John: Well I would divide my team and I have an external team highly experienced real estate professionals when you’re talking about you know representation on the buying side, mortgage brokers, lawyers and transactional lawyers, syndication lawyers you know. So we’ve got a very strong team on that side and internally we also 3cm multifamily as building a strong team. I have an acquisition manager who assists me in finding product and evaluating it. He’s also basically our takeover manager so he does the project management so we don’t need a general contractor and so we just you know crank one through the other on that

Rod: Do you do your own internal property management or do you use third-party property managers?

John: No. We’re completely internal so every property that that we own we manage

Rod: You manage okay all right that’s unusual in my interviews with portfolios of your size. I see that a lot in the really large portfolios and I know your goal is to own a huge portfolio. I saw that on your on your bio but so this acquisitions person also helps you with that piece? or you have someone else that does that? or how do you handle the on-site management? of course you’ve got an on-site manager so you you’re basically doing the asset management at that point

John: Yes yeah my personal job is primarily asset portfolio type management. We do have individual managers on-site so my acquisition manager, he helps like I said more in acquisition and set up time but then we have a on-site community manager from day one when we acquire and so by the time we have everything set up and running the way we want it then you know they run with that ball

Rod: Okay so why did you not go more into retail for example? You owned a strip center or RV parks for example. Can you speak to why you honed in on apartments?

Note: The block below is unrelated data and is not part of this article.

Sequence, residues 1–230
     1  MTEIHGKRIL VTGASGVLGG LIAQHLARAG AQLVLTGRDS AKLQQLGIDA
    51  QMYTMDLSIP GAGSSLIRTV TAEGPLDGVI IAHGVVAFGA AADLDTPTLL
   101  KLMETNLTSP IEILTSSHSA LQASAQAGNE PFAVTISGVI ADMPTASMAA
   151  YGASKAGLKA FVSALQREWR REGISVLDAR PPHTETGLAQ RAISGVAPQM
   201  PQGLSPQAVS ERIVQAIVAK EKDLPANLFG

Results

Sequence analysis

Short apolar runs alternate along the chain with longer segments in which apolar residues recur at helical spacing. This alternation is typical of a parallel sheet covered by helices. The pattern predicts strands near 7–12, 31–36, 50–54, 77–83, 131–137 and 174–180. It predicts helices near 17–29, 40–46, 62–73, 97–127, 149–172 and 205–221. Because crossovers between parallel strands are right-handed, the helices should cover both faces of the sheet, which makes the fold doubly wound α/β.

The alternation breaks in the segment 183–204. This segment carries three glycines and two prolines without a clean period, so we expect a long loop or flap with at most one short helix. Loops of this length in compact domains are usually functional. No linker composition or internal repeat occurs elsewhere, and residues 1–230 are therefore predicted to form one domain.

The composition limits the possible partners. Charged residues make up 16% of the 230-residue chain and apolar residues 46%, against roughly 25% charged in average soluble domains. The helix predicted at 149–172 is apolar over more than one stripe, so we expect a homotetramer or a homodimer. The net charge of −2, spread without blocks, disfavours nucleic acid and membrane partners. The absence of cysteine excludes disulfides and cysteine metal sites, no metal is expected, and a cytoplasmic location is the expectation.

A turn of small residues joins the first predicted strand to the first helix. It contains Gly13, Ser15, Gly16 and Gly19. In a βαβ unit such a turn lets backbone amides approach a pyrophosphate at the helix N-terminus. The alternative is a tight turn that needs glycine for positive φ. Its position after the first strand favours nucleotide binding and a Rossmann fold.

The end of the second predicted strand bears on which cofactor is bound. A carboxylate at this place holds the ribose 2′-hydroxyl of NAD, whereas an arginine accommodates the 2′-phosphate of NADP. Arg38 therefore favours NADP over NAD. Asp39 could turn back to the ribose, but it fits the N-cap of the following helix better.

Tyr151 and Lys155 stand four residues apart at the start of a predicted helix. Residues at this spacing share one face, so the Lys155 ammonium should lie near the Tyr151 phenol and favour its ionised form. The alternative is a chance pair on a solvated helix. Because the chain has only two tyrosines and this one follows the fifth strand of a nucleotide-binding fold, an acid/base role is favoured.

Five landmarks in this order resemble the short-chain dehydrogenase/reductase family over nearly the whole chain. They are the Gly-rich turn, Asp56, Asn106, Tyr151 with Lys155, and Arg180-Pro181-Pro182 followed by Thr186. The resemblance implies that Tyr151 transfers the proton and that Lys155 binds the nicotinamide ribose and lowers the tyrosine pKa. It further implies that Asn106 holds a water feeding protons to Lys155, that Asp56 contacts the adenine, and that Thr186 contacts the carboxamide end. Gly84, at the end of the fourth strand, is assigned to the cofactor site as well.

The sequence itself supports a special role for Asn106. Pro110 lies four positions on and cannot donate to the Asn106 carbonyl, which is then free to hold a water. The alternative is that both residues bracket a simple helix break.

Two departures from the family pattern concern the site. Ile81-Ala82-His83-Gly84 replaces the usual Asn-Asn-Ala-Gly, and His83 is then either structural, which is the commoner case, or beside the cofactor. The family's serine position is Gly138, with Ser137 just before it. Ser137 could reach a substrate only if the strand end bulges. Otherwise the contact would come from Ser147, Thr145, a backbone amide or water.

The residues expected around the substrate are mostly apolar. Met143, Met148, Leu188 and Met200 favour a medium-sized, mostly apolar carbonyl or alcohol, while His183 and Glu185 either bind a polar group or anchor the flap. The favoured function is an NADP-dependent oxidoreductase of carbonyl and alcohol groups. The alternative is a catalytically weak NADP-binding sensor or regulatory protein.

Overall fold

John: Well yeah absolutely um I kind of stuck my fingers and all of the different Peyser you could say in the real estate business and try to see what I liked and basically what I found was that I can make the most amount of money spending the least amount of time in apartment complexes and it seemed to be just made a lot more sense to focus on

Rod: So it was a lifestyle choice okay all right awesome. And I couldn’t agree with you more I just was curious to hear your perspective you know RV parks of course are very transient or can be and so there are a lot more labor-intensive and then retail of course you know is got the whole Amazon dynamic to deal with right now and you know you see a lot of you see a lot of shopping centers and strip centers that that have vacancy that never had vacancy before and that you know I know that that whole landscape in that asset class is changing. You’re seeing a lot of different uses come in to retail centers that you never saw before and was that your rationale there? or what were your ..